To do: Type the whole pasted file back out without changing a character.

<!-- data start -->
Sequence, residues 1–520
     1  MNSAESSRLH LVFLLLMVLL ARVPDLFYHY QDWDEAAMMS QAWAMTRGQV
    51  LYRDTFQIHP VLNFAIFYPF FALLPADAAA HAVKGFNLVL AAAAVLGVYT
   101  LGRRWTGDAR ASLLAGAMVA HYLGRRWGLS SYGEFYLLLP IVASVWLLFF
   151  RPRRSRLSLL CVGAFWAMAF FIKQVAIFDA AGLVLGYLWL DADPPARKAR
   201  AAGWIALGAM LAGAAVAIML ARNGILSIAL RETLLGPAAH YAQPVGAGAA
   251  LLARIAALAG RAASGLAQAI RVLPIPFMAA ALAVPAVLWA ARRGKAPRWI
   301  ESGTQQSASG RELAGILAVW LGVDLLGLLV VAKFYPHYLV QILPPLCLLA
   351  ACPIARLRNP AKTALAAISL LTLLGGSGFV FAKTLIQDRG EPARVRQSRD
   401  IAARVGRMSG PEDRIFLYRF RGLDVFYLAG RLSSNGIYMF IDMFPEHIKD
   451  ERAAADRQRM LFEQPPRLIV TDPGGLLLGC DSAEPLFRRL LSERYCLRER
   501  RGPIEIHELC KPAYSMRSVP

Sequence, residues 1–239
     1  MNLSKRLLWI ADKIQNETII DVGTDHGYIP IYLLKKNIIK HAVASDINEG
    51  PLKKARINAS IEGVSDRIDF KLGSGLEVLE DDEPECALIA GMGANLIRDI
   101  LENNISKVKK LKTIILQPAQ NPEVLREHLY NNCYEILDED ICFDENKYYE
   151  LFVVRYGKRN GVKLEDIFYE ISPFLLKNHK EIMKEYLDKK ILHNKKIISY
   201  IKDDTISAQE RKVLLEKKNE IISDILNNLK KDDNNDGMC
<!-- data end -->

Sequence, residues 1–520
     1  MNSAESSRLH LVFLLLMVLL ARVPDLFYHY QDWDEAAMMS QAWAMTRGQV
    51  LYRDTFQIHP VLNFAIFYPF FALLPADAAA HAVKGFNLVL AAAAVLGVYT
   101  LGRRWTGDAR ASLLAGAMVA HYLGRRWGLS SYGEFYLLLP IVASVWLLFF
   151  RPRRSRLSLL CVGAFWAMAF FIKQVAIFDA AGLVLGYLWL DADPPARKAR
   201  AAGWIALGAM LAGAAVAIML ARNGILSIAL RETLLGPAAH YAQPVGAGAA
   251  LLARIAALAG RAASGLAQAI RVLPIPFMAA ALAVPAVLWA ARRGKAPRWI
   301  ESGTQQSASG RELAGILAVW LGVDLLGLLV VAKFYPHYLV QILPPLCLLA
   351  ACPIARLRNP AKTALAAISL LTLLGGSGFV FAKTLIQDRG EPARVRQSRD
   401  IAARVGRMSG PEDRIFLYRF RGLDVFYLAG RLSSNGIYMF IDMFPEHIKD
   451  ERAAADRQRM LFEQPPRLIV TDPGGLLLGC DSAEPLFRRL LSERYCLRER
   501  RGPIEIHELC KPAYSMRSVP

Sequence, residues 1–239
     1  MNLSKRLLWI ADKIQNETII DVGTDHGYIP IYLLKKNIIK HAVASDINEG
    51  PLKKARINAS IEGVSDRIDF KLGSGLEVLE DDEPECALIA GMGANLIRDI
   101  LENNISKVKK LKTIILQPAQ NPEVLREHLY NNCYEILDED ICFDENKYYE
   151  LFVVRYGKRN GVKLEDIFYE ISPFLLKNHK EIMKEYLDKK ILHNKKIISY
   201  IKDDTISAQE RKVLLEKKNE IISDILNNLK KDDNNDGMC